An experienced landscape designer and former teacher shares insights and inspiring images of her earth and child-friendly designs as well as from schoolyards visited on her recent study tour of Germany and Sweden. Participants will learn about sustainable, engaging spaces that bring nature to the places where children are. Discover essential elements of natural play and learning spaces and their importance for healthy development: natural climbing, digging, and pretending places; outdoor art and literacy spaces; beautiful native and edible kid-friendly plants.
This month’s presenter, Nancy Striniste, founder and principal designer at EarlySpace, is on the faculty of Antioch New England University’s graduate program in Nature-Based Early Childhood Education, and is the author of the forthcoming book “Nature Play at Home: Creating Outdoor Playspaces to Reconnect Kids to the Natural World” Timber Press. Her design practice includes the creation of sustainable natural play and learning spaces for early childhood programs, public and private schools, public parks, and private residences throughout the mid-Atlantic. You can see her work at www.earlyspace.com
Lunch will be provided for registered guests. Register Here
January 9th, noon to 1:00pm (lunch provided)
100 5th Street, NE, Downtown Mall, Charlottesville, VA
A really large portion of human’s waste stream is totally compostable, but a lot of us still don’t compost it for a variety of reasons and it ends up in a landfill. Zera Food Recycler is a futuristic solution (sadly, not quite a Mr. Fusion) that automatically processes food scraps into plant food in 24 hours. Unfortunately it is expensive right now and involves replaceable filters, but it is just the first step in a bringing another tool to reduce landfill waste online. It is great to see inventors asking the right questions. Can technology ultimately save us?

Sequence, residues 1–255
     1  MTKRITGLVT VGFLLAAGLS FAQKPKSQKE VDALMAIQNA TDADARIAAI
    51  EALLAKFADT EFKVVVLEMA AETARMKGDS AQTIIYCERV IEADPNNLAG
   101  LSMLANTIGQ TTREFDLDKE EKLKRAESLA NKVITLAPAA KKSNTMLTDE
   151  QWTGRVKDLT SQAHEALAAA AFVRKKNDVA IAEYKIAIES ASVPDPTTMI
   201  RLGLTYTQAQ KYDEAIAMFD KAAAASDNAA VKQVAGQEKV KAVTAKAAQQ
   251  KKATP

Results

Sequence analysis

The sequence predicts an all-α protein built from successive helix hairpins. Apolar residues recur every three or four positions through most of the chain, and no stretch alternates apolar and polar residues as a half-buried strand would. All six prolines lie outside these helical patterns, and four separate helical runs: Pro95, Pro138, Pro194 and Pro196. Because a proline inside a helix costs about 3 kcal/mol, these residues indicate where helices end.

While in college my friends and I built a garden on top of a giant rotting tree stump outside of our rental house. That small 4’x2′ garden produced more cucumbers and tomatoes than the four of us could eat without much watering. We didn’t have a clue that we had built a garden system called hugelkultur, but it worked better than we could have imagined. If you have piles of rotting wood laying around (or know someone that does) put them to use under a garden!
We’re trying this out! We’re trying it on a slope that was grassy and eroding, and now is basically a little terrace. Here’s what we did:
1. Dig a trench that followed the existing contour of the site. We are building a swale as well as burying logs, so that we will also capture rainwater as it flows down the slope.
2. Fill the trench with logs and sizable branches that have been accumulating from all of the storms we have around here.
3. Cover the logs with dirt that was excavated earlier. Be careful and fill in all of the holes between the logs which is tricky if you have clay like we do around here, if you don’t I imagine that the mound will sink over time. Check out the water pooling during a big storm in the trench (called a swale) behind the new mound of earth (called a berm); it’s already working! Don’t worry, that water disappears quickly into the soil after the rain stops, though if it doesn’t, add more mulch and build the soil so that it can hold more water.
4. To keep erosion down we gathered rocks from a field that was plowed too deep and built the terrace edge. On top of the new mound of dirt we planted blueberries, strawberries, thyme, lavender and some flowers. Local pine mulch was put down on top as well to keep the weeds out and cover the bare soil. Now we wait until next season!
Earth Sheltered Greenhouses use the fact that the earth is a stable temperature all year round to greatly extend the growing season. These were known to native people as walipini or “place of warmth”
There are so many different types of greenhouses and clever adaptations that books upon books have been written on the subject. Has anyone seen really clever designs in action?
Two great classes are coming up in the charlottesville area, both are donation funded and located at the Ivy Creek natural area. The first is an introduction to Underground Housing on Sunday, April 20, 2014 from 11am – 7pm. If you’d like to get a little background before you go, look up Malcolm Wells in google!
The second is an introduction on shaping the landscape to build soil, improve fertility, and make food for yourself! Sunday, May 4, 2014 from 11am – 7pm in the Ivy Creek Natural Area Educational Building. If you’d like to get a little background before you go, look up Permaculture Earthworks in google!
Categories: Announcements, Architecture, Design, Gardening, Resilience
Tags: architecture, Gardening, greenhouse, low impact, Passive solar building design, Permaculture, Resilience, Swales, Underground Housing